London Design Festival 2018: Art at its most accessible
The London Design Festival’s 16th edition marks a ten-year collaboration with the Victoria & Albert Museum, the leading institution for art and design. The V&A has been the central and very fitting hub for the event, but the celebration of design is actually spread across the capital in the form of installations, exhibitions and talks taking place between 15th-23rd September in a variety of venues, showcasing the most avant-guard creations. The works presented vary in their scope and approach and, collectively, they speak to a wide range of people, ensuring that each visitor will find a project of interest to gravitate towards.
If in doubt about where to begin, the Landmark Projects are perhaps the ideal and most accessible place to start. A series of installations found in the city’s public spaces, these pieces were created by internationally renowned designers as responses to a range of stimuli pertinent to modern society. Starting in the V&A’s own Sackler Courtyard is the Waugh Thistleton Architects’ installation MultiPly. An irregularly shaped wooden structure consisting of stairs and platforms on multiple levels, it is built with a reusable cross-laminated timber panel system to encourage the use of sustainable construction materials, and the composition wishes to draw attention to housing issues.
Also at the V&A is Pentagram’s Dazzle, a room commissioned for the World War I centenary programme 14-18 NOW, which recreates the geometric designs that were painted on ships during the war as an experimental form of camouflage to confuse enemies as to the shape and movements of the vessels. The black and white patterns are overlapped with the words of Wilfrid Wilson Gibson’s WW1 poem Suspense to immerse viewers and have them experience up-close what was intended to be seen from a distance.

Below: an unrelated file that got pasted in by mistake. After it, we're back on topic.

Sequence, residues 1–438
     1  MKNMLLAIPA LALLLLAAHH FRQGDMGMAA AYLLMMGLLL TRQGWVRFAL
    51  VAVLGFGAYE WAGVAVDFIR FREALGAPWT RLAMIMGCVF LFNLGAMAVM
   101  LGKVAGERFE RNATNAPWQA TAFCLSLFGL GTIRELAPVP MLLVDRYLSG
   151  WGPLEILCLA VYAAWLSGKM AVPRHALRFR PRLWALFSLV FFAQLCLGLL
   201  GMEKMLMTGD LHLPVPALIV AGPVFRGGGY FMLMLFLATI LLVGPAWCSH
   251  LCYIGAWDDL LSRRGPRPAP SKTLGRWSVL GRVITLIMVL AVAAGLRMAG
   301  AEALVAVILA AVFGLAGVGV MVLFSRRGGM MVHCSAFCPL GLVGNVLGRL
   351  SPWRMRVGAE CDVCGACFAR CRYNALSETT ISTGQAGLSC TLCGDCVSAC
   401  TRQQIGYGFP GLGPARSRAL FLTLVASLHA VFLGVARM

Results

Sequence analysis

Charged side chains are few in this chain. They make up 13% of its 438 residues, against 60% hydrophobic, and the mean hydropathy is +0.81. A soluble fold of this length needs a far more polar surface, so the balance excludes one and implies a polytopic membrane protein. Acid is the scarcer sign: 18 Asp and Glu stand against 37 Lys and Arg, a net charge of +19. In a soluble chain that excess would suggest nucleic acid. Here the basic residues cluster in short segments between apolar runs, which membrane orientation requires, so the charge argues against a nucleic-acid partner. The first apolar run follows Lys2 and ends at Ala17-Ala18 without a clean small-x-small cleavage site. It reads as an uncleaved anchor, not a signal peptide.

Right in the centre of London is Es Delvin’s Please Feed The Lions, an interactive sculpture in Trafalgar Square involving the addition of a fifth lion that can be “fed” words by the public, which are then displayed in the mouth of the lion by day, and on Nelson’s column as well by night. There are a few installations to be discovered out and about in the city, but the festival also gives space to novel creations with a civic scope such as the launch of Michael Anastassiades’s Fountain for London. A sleek, cast bronze public water fountain operated by a sensor, it could provide drinking water to all and reduce the usage of plastic bottles if approved as a widespread feature on London streets. The fountain is perhaps the project with the greatest potential for actively implementing an imminent improvement to the city, and its makers have hinted that London mayor Sadiq Khan seems to be keen to embrace the plan.
A week of innovation and creativity, the festival’s offering ranges from the abstract to the practical, and many of the works show a great interest and concern for environmental issues. There is a great deal to instil wonder, but the most impactful projects are the ones proposing solutions to urgent social matters.
Photo: Render by Forbes Massie Studio
London Design Festival 2018 is at from 17th September until 23rd September 2018. For further information visit the exhibition’s website here.